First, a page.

Thursday, September 17, 2009

Kodak Shares Slump After Deal With Investors

. Thursday, September 17, 2009

By stockOzone team

Shares of Eastman Kodak Co. slumped more than 11 percent Thursday a day after its management announced a deal with investors to pump up to $700 million into the photography products company.

The stock, which has climbed 59 percent over the last month, fell 75 cents, or 11.2 percent, on heavy volume to close at $5.93. The shares set an all-time low of $2.01 on March 6.

Kodak has been battling through a digital transformation for the last five years and is occasionally rumored to be a buyout target.

On Wednesday, Kodak said Kohlberg Kravis Roberts committed to purchase up to $400 million in senior secured notes in exchange for Kodak agreeing to issue the private equity firm warrants to purchase up to 53 million Kodak common shares.

Separately, Kodak plans to offer $300 million of convertible senior notes due 2017 in a private placement to institutional buyers. Kodak intends to use proceeds from both debt sales to buy back up to $575 million worth of its 3.375 percent convertible notes due 2033.

"You're talking KKR getting 20 percent of the company, and the convert is probably going to be somewhere between another 10 to 15 percent," said analyst Shannon Cross of Cross Research in Livingston, N.J.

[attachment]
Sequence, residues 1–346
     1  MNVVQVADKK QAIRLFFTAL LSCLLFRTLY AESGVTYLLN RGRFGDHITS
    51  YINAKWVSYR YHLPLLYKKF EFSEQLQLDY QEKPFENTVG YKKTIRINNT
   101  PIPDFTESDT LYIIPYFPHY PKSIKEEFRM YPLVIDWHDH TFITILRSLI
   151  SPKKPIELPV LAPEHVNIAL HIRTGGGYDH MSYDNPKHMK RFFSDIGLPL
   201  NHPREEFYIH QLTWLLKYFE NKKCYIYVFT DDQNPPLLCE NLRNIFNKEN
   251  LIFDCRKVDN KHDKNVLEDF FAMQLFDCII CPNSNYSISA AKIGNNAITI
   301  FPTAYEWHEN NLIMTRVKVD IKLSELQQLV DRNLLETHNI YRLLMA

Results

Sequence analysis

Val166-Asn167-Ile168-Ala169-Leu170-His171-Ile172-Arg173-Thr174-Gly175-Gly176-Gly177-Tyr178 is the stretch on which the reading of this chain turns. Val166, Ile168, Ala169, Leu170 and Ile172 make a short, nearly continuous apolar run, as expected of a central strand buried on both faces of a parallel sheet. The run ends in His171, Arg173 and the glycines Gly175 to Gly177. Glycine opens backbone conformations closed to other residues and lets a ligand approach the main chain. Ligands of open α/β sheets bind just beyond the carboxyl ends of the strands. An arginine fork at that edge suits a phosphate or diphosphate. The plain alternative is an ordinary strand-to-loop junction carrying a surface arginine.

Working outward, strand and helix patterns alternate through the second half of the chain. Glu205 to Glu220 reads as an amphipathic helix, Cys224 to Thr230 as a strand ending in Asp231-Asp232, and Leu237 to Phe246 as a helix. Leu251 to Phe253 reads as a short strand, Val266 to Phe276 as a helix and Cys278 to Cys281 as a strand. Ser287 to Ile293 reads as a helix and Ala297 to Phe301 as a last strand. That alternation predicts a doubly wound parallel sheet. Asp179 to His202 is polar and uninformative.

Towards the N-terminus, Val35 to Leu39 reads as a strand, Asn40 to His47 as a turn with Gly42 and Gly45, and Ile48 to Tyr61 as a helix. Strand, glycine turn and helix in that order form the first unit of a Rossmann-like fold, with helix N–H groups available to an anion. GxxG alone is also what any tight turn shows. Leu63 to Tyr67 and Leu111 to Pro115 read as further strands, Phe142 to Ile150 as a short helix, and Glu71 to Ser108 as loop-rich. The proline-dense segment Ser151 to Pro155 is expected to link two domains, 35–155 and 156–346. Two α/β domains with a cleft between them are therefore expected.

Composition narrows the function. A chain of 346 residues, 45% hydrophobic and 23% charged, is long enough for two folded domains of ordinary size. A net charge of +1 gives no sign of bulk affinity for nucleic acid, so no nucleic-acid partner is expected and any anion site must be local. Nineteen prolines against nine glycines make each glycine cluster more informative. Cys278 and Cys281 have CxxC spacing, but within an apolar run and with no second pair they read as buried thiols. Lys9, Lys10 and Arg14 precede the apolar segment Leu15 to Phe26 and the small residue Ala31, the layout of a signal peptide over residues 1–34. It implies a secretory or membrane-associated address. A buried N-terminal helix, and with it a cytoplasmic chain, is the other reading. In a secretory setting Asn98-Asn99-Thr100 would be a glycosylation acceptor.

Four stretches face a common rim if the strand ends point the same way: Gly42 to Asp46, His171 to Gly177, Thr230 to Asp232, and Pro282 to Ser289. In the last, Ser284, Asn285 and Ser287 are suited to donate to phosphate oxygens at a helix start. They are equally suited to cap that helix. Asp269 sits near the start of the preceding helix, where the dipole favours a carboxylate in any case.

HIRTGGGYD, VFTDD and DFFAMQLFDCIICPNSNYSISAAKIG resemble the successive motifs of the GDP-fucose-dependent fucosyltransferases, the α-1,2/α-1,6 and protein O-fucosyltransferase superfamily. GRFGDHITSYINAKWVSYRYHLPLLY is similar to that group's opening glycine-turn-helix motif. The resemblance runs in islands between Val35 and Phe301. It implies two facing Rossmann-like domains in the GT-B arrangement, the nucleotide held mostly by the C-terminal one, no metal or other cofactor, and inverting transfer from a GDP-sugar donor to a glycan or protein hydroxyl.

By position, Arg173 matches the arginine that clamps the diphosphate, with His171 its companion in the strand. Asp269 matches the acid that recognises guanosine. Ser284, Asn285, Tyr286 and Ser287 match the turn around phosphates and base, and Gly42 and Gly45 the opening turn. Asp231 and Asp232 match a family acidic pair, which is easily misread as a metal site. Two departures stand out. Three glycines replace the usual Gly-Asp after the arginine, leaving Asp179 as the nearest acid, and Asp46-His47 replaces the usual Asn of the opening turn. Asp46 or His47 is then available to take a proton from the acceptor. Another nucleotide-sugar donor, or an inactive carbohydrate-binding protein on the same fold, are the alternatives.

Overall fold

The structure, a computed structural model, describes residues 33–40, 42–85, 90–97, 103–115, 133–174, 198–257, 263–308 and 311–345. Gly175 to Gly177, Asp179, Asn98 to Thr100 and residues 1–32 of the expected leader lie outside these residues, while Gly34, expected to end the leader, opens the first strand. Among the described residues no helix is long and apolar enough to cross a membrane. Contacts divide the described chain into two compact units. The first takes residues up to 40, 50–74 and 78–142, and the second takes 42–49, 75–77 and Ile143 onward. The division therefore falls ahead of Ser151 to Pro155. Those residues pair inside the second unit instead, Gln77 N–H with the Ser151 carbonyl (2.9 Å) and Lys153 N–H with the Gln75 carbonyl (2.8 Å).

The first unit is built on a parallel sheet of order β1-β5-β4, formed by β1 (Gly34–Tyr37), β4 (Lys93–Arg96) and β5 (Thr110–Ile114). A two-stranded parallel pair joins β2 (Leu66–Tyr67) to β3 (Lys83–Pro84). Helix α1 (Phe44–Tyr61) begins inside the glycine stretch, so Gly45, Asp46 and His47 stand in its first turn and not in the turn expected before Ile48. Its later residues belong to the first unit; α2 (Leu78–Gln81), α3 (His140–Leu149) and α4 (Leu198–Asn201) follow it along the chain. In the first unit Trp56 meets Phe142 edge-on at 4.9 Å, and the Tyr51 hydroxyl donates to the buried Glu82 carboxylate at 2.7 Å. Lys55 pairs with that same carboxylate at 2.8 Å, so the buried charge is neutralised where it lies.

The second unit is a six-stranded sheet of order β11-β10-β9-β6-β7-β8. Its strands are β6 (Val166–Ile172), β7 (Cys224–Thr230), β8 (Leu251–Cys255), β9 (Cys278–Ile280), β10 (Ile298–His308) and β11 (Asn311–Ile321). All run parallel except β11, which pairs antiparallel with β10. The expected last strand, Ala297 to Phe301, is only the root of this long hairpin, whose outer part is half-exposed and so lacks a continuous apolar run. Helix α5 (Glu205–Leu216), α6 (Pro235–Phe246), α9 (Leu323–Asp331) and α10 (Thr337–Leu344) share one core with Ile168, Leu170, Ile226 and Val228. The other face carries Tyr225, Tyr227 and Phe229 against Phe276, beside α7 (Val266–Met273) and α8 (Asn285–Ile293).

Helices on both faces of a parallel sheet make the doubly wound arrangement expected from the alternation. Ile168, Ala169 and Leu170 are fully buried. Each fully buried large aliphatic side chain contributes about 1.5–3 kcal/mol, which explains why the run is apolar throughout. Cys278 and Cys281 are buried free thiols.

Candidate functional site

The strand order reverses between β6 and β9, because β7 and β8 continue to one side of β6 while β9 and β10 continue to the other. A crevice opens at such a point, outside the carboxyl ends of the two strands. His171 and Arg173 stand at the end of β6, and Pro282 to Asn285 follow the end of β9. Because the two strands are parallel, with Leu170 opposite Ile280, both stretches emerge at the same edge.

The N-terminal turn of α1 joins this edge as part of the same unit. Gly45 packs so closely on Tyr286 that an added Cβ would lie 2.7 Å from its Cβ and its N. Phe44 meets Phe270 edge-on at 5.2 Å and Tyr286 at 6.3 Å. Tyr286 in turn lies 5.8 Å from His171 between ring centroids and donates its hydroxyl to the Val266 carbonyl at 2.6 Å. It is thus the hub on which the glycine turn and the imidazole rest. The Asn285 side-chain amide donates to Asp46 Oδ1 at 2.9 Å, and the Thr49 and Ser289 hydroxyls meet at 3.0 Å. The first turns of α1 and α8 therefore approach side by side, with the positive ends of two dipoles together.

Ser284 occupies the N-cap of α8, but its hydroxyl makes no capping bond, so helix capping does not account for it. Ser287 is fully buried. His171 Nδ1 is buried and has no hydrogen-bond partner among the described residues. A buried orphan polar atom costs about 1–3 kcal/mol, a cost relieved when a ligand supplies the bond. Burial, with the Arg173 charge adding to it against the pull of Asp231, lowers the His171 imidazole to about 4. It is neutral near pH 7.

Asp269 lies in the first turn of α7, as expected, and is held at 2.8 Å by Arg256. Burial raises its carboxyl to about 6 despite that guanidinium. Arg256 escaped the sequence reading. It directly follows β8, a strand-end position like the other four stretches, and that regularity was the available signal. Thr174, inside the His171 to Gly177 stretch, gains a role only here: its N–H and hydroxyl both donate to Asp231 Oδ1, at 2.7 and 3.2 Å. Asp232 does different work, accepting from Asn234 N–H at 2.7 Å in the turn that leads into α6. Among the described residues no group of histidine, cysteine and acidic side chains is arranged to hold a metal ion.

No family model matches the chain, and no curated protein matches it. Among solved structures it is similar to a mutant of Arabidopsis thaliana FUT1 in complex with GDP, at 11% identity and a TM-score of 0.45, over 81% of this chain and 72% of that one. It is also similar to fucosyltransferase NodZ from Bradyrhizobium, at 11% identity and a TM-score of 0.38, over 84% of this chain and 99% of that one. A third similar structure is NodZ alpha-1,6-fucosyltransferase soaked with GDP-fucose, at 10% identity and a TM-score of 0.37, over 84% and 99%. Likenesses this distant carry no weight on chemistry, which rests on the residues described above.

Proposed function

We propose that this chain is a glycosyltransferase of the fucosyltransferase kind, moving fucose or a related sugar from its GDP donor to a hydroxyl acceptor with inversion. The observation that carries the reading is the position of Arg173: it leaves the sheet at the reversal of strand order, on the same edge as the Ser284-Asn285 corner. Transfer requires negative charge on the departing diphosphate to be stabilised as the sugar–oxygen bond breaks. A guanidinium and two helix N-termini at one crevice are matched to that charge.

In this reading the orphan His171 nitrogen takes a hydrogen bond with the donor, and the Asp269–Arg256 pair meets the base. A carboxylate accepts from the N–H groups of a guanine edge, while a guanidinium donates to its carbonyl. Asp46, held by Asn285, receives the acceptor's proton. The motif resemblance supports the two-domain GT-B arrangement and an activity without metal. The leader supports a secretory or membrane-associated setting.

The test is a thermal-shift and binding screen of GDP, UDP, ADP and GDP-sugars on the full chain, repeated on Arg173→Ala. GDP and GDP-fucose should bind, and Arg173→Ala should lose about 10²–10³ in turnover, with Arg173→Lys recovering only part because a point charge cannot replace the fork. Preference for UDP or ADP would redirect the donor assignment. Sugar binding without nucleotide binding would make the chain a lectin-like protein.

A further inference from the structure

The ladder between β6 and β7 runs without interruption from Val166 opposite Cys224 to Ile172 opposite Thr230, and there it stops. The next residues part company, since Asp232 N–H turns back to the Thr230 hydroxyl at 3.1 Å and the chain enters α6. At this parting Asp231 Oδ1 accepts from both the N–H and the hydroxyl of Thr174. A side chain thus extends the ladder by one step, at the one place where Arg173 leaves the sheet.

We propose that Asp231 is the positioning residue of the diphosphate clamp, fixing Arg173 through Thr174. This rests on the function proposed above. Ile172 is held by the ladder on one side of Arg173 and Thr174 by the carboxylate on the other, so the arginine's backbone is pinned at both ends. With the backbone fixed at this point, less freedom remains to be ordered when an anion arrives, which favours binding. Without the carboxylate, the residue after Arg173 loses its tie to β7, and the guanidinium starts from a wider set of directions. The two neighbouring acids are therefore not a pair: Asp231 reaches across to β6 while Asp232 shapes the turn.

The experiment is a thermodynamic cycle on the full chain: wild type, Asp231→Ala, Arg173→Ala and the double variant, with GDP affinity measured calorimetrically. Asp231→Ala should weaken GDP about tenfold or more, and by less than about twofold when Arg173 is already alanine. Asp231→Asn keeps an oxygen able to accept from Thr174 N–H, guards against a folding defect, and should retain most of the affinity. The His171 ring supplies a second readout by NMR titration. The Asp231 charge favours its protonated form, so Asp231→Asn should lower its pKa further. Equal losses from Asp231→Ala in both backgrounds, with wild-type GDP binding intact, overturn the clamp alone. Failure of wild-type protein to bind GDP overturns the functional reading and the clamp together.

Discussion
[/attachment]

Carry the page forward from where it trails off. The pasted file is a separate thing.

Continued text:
"So you diluted the shareholders 35 percent, maybe as much as 40 percent. That's really what's pressuring the stock, plus there's a lot of people likely sort of hedging their positions right now."

Investors had worried about Kodak's ability to fund the buyback without depleting cash reserves, noting the convertible bonds' owners have the right to sell them back to Kodak as early as October 2010.

"They pushed out their potential bankruptcy date by a period of time by refinancing," Cross said. "It's a good thing but, again, it shows how shaky their position is because they had to give up so much of their company to do that."

In July, Kodak posted a $189 million second-quarter loss, its third consecutive quarterly deficit, as the global economic downturn hurt sales of digital cameras, film and other photography products.

From 2004 through 2007, Kodak spent $3.4 billion converting the bulk of its 129-year-old business from high-margin film to electronic technology.

Through 2008, its digital businesses were picking up speed, posting six straight quarters of growth. But in January, as the economy contracted, Kodak resorted once more to job cuts. It is eliminating 3,500 to 4,500 jobs this year, which could reduce its work force to a 1930s-era low of 19,900 from a 1988 peak of 145,300.

Disclosure: Author does not own any of the stocks discussed here.





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